Declining Innovation in the Pharmaceutical Industry
Despite the increasing demand for new drugs to address unmet and underserved medical needs, innovation within the pharmaceutical industry has not proceeded at the same pace. Data from numerous credible sources have shown that over past 10 years there has been very little breakthrough innovations in the large pharma sector. For example, data from the FDA revealed that from 2006-2014, there had been no increase in the average number of new drug applications (NDAs) and biologics license applications (BLAs) submitted for novel drugs. Submission numbers for novel drugs have remained relatively constant at about 35 NDAs and BLAs filed during each year (NDA and BLA Submissions). Moreover, in the first comprehensive study of evergreening—defined as artificially extending the intellectual property (IP) protection cliff—it was determined that 78% of the patents approved during the period from 2005-2015 corresponded to medications already on the market (Feldman, 2018). Therefore, rather than create new medicines, companies are largely recycling and repurposing old ones. This finding is a startling departure from the classic concept of IP protection for pharmaceuticals and is emblematic of the declining innovation in the industry.
One possibility for the apparent lack of innovation to meet medical needs is an underlying scarcity of good ideas: as knowledge advances, it becomes more difficult to discover new ideas. In this case, slowdowns in productivity and innovation would be difficult to prevent or reverse. Yet, other factors may also limit innovation. For example, good ideas may not be scarce but they may be riskier to develop, and large pharma companies may prefer to focus instead on safer, but more marginal, projects. The finding that 64% of FDA-approved drugs in 2018 originated from emerging biopharma companies, not large pharma, suggests that scarcity of good ideas is not a factor underlying the declining innovation.
A comprehensive analysis of innovation and R&D productivity in the large pharma sector has been conducted by Dr. Kelvin Stott (Director of R&D Portfolio Management, Novartis). In this two-part blog-post entitled “Pharma’s broken business model, An industry on the brink of terminal decline” (Part 1, Part 2), actual historic profit & loss (P&L) performance data obtained from EvaluatePharma was used to calculate Pharma’s return on R&D investment (ROI) among several large pharmaceutical companies. Dr. Stott’s analysis shows a clear downward trend for R&D ROI over the past 20+ years. A similar finding has been reported by both BCG and Deloitte in 2016 and 2018, respectively. Because the business practices of large pharma show no sign of change, it is likely that this downward trajectory will continue.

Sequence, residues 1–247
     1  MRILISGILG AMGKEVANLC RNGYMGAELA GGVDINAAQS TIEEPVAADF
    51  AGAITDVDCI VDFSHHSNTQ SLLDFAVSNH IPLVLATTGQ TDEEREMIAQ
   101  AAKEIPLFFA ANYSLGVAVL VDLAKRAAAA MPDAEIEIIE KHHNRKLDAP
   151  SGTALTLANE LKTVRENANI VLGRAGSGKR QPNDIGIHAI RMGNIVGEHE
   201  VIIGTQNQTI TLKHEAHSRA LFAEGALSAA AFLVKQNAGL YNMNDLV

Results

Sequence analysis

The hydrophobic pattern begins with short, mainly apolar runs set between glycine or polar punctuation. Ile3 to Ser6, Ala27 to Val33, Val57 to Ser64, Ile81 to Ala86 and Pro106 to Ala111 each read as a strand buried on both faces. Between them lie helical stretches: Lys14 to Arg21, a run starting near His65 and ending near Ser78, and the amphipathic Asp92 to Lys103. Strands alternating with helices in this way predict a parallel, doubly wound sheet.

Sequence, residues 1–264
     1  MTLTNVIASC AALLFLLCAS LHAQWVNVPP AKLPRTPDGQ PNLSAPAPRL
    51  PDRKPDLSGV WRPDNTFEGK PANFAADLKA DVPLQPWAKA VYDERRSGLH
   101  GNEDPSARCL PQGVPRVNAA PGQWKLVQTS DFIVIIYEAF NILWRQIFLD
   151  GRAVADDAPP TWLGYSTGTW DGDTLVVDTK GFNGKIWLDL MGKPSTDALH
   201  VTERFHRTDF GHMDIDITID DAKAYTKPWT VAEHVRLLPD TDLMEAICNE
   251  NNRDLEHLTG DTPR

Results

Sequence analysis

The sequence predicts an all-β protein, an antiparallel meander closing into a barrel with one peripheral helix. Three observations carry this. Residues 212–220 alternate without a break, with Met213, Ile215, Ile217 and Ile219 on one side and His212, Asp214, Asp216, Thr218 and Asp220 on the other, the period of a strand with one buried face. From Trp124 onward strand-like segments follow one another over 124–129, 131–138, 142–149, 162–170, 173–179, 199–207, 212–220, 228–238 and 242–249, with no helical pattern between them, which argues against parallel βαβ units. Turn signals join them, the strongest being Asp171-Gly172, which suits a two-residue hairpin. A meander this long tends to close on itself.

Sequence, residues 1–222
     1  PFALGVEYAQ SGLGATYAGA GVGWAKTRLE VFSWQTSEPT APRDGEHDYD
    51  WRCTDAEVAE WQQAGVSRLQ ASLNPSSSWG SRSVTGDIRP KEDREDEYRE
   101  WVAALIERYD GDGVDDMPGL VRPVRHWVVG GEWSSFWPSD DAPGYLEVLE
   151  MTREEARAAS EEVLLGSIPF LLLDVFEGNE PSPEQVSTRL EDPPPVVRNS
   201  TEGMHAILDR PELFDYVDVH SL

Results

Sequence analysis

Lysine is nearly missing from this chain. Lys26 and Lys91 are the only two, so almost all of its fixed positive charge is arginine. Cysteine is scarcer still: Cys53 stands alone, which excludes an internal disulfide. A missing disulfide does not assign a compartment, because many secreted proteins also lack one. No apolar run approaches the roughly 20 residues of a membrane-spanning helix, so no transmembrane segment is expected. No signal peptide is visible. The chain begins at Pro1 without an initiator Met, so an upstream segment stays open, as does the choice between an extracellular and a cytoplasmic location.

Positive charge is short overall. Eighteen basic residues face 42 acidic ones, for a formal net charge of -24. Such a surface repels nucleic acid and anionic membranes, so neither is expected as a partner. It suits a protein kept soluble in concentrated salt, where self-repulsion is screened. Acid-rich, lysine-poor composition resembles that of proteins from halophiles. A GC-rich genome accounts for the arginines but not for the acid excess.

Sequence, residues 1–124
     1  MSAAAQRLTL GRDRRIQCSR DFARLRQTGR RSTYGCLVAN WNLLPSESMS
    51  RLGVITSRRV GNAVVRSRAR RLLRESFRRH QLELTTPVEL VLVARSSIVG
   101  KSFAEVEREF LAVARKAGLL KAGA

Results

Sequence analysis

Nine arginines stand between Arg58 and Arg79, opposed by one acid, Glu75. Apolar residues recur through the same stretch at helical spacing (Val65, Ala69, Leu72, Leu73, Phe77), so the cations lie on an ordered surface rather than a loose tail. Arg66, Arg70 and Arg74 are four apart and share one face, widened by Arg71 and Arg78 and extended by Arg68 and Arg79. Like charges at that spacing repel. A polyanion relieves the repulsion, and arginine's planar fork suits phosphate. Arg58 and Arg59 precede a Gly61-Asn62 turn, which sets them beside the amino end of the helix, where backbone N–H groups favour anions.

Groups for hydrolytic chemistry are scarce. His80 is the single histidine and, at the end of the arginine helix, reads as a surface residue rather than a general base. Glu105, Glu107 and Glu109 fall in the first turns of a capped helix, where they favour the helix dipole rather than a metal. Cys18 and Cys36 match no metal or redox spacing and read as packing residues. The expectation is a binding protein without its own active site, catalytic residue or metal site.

Trends and Practices Underlying Declining Innovation
Growing competition and decreased ROI from R&D programs are the primary reasons for down-sizing of non-core business processes among large pharmaceutical companies. Thus, companies may be prevented from pursuing innovative therapies because they lack the cash to turn their financially riskier ideas into reality. Because down-sizing in the pharmaceutical industry has typically taken essential resources away from discovery and early-stage research, the end result is reduced innovation and productivity. Another important aspect of the innovation/productivity decline is the practice of utilizing the patent system to extend existing patents beyond the initial 20-year protection (in the U.S.), rather than reinvesting profits to foster innovation and create new drugs to meet medical needs. What further exacerbates the problem is the issuance of patents with overly-wide claims that block knowledge creation and patents for what are essentially existing drugs. For example, Losec (AstraZeneca), which was developed to treat heartburn and ulcers, was later reformulated and rebranded. This enabled the company to issue a new patent with new claims for the barely modified medication, effectively extending the company’s monopoly on this type of drug well beyond the period granted by the original patent. Finally, the practice of large pharmaceutical companies to implement share buybacks to boost share prices (and stock options for executives) rather than reinvest in R&D further diminishes the opportunity for innovation. To put things in perspective, a Reuters Special Report noted that pharmaceuticals maker Pfizer spent $139 billion on share buybacks and dividends and just $82 billion on R&D over the past decade.